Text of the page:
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The Marquis de la Jonquiere arrived in Canada in August, 1749; and acting under
positive instructions from his court, faithfully pursued the policy of his predecessor
in regard to shutting out the English from the Ohio. Descended of a Catalonian fam-
ily, he was bom in Lranguedoc, in 1696; and died at Quebec, May 17, 1752. He was a
man of superb presence and undaunted resolution; but, withal, prone to avarice. His
whole career gave abundant evidence of his courage and soldier-like iH-avery; but the

i9"Braddock's Expedition;" Sargent, p. 37.
20"Hand-Book of Canadian Dates," F. A. McCord; p. 18.

2i"History of Braddock's Expedition;" p. 29, footnote. Paragraph from "Biog-
raphy Universellfe" (Edition 1816), Vol. XVI, p. ^ffJ.

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world ridiculed the passion that induced him, on his dying bed, to begrudge the cost of
wax candles, while his coffers were overflowing with millions of mon^. He enjoyed
little peace towards the conclusion of his life, by occasion of his efforts to suppress the
order of Jesuits in his government; and, indeed, this dispute is supposed to have
shortened his days.^^

Jonquiere thought the plans of his predecessor too daring and not
to be successfully pursued, hence did not adopt all of them. In the
interim before Duquesne's arrival, the younger Longeuil acted as gov-

Sargent has much to say of Duquesne :

In 1752, arrived in Canada, (to which government had been appointed by the King
on the recommendation of M. de la Galissoniere), the Marquis de Duquesne de Menne-
ville, a name destined indelibly impressed upon the history of that land whence the
golden lilies of his nation, though watered by the best blood alike of friend and foe,
were so soon to be extirpated. All of his antecedents that can be mentioned here are
that he was a captain in die royal marine, and bom of the blood of Abraham Duquesne,
the famous admiral of Louis XIV.

His abilities were good; and during his brief career he acquitted himself thor-
oughly of the duties of his position ; but the haughtiness of his character, and the lack
of affability in his manners, prevented his ever attaining any great degree of popular-
ity with the Canadians. Nevertheless, he seems to have been possessed of some singu-
larly generous dispositions. In October 1754, an English woman, nineteen years of age,
arrived in Philadelphia from Quebec. Twelve years before, she had been captured by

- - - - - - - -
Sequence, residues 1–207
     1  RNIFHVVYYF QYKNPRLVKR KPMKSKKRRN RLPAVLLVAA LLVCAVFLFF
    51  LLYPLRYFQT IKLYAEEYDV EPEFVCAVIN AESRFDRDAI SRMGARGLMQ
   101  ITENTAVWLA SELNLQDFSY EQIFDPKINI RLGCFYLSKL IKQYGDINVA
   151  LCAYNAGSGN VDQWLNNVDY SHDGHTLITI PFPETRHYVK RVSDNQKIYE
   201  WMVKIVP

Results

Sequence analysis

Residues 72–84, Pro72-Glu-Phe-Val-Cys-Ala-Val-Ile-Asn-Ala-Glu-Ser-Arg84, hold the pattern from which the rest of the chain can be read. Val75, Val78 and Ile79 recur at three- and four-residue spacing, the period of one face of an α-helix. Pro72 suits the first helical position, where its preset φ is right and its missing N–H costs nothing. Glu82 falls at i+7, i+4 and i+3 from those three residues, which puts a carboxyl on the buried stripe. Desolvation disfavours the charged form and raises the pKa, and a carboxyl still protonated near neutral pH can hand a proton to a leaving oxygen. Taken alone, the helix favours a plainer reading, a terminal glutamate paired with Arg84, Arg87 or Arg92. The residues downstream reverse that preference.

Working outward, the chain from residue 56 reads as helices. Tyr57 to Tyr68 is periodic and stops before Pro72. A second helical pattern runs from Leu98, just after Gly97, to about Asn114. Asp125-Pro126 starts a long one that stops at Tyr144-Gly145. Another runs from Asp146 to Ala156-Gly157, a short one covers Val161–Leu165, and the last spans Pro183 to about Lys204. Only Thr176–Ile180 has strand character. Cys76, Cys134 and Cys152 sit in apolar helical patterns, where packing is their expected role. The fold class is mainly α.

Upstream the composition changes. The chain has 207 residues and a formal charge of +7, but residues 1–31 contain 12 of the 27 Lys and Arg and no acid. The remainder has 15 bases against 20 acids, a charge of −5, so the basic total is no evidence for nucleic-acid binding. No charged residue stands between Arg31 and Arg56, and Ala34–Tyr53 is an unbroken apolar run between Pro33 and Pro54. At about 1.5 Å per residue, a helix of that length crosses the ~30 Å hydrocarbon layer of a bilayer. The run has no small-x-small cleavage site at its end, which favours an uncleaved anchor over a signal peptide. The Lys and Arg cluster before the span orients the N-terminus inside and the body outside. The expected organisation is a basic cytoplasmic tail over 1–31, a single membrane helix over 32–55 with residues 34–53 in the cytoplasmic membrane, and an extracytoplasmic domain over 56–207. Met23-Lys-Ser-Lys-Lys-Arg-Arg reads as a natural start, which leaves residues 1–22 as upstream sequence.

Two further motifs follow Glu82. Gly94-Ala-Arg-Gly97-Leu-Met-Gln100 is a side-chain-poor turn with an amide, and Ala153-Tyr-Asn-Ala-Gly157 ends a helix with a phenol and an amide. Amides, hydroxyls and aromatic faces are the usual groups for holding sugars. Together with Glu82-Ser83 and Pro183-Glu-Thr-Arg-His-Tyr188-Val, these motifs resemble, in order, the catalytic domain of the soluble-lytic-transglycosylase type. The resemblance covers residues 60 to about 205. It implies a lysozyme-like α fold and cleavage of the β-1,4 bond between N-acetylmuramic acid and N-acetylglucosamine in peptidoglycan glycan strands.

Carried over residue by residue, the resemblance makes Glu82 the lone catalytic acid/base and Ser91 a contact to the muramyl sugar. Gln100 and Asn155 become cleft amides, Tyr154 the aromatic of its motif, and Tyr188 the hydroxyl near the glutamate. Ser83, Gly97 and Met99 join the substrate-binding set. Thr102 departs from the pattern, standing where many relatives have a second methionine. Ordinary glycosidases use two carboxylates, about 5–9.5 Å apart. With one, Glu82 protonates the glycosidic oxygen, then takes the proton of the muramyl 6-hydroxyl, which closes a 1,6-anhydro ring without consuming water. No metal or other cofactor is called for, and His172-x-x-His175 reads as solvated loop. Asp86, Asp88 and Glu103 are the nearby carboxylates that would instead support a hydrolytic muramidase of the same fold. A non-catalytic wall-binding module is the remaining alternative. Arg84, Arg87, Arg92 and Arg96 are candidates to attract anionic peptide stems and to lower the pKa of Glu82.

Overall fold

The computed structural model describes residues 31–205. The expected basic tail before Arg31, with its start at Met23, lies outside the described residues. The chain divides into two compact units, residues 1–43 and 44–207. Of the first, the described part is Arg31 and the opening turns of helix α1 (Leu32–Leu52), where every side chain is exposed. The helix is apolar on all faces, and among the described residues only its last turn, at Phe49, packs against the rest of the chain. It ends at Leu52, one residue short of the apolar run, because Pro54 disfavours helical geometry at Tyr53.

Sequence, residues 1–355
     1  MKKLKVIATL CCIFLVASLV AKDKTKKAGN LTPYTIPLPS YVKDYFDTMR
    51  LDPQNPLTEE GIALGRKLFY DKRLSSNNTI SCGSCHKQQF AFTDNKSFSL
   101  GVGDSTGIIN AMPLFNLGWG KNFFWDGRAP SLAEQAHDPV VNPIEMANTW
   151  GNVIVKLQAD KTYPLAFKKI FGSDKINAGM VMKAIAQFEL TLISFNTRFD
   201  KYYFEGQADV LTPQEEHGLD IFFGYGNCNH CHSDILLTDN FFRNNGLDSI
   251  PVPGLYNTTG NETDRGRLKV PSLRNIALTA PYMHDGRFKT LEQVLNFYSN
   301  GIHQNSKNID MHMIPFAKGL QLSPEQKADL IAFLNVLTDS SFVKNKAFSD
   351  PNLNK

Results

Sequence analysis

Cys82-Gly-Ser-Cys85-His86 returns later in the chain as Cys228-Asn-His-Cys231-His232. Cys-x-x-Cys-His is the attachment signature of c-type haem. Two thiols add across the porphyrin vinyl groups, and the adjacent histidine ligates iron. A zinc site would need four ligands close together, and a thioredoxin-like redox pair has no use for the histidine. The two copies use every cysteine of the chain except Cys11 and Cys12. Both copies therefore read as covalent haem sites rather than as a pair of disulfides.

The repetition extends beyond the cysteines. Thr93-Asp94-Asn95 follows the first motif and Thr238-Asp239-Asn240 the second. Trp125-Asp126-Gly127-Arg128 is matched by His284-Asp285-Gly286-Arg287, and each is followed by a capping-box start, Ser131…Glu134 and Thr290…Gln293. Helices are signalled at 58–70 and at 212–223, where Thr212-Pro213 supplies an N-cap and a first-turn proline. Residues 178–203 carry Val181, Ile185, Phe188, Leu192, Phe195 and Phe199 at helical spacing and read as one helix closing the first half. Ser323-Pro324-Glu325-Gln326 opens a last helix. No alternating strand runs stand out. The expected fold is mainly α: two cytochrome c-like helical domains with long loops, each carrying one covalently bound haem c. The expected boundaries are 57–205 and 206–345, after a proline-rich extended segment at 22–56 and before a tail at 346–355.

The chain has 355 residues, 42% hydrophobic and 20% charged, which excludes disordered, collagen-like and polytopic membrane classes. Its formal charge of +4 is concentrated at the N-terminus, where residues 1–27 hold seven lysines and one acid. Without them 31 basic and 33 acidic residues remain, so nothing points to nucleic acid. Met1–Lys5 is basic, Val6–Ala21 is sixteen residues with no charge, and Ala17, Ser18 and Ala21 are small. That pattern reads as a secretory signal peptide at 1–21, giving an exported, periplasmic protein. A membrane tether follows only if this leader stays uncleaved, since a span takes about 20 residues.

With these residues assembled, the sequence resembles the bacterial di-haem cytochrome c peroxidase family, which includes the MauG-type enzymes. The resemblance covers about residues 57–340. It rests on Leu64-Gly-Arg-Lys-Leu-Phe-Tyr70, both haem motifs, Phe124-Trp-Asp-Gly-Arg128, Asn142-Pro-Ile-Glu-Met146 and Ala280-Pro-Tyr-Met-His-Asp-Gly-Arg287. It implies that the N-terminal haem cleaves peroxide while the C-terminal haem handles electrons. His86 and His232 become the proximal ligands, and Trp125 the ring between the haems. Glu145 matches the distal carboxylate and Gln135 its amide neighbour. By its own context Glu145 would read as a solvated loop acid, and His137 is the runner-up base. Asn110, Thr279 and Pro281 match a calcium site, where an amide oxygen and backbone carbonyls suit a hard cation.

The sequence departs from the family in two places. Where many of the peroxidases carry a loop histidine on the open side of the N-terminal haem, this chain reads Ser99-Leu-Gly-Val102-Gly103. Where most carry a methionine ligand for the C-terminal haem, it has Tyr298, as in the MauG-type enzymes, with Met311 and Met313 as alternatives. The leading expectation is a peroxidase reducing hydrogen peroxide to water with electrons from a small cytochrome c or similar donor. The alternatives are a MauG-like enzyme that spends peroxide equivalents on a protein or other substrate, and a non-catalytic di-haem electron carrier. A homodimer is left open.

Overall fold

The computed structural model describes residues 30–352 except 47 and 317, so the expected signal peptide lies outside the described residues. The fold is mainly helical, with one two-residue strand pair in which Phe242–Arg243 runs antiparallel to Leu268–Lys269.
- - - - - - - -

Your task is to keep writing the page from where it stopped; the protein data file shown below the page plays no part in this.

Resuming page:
the savages, and by them sold as a slave in Canada. In new scenes and the lapse of
time, the names of her parents, the very place of her birth, had entirely passed from
her memory; but she still clung to the sounds of the tongue of her native land, and
dreamed of the day when she should be reunited to her unknown kindred. By some
chance, her pitiful story reached the Governor's ears; and full of compassion, he at
once purchased her freedom and furnished her with the means of returning to the
British colonies. There she wandered from city to city, vainly publishing her narration
and seeking to discover those joys of kindred and of home that she had never known.
An act of this kind, should, at any reason, reflect credit upon the performer; but con-
sidering its particular occasion, when war was plainly looming in the horizon, to liber-
ate and restore in this manner a person abundantly qualified to reveal so much of the
local secrets of Quebec, must clothe the character of M. de Duquesne with the attribute
of magnanimity, as well as generosity. In the latter part of 1754, however, he demanded
his recall by the government, in order to return to the naval service, and to encounter
the enemy upon a more familiar element. It will be sufficient in this place to add, that
his instructions while in Canada, in regard to the Ohio, were of a piece with those of
La Jonquiere and Galissoniere, and that he faithfully obeyed them.S8

Pouchot had the hardihood to tell tales, which though not published
until after his death, have lived. Concerning Duquesne we find the fol-
lowing in his Memoire:

M. de la Jonquiere who succeeded M. de la Galissionere, was a man well fitted by
his talents for command in these regions, but he did not stay long enough to advance
the negotiation in which neither power could yield. He was relieved by M. du Quesnie
who was charged with the same business. They were beset by parties who were con-
tinually making a petty war in Acadia, and involving the two nations more and more
against each other.

M. du Quesne upon his arrival, took a fancy for an amiable dame, and formed

22"Braddock's Expedition;" Sargent, 0. 28. "Histoire du Canada;" F. X. Gar-
neau, VoL II <iv, xiii, c 3), as Sargent ates. Ibid,, Bell's 'Translation" (Montreal,
1862), Vol. I, pp. 464-465.

s8"Braddock's Expedition;" Sargent, pp. ap-ja

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connections with her family and friends. As usual, the husband was placed in one of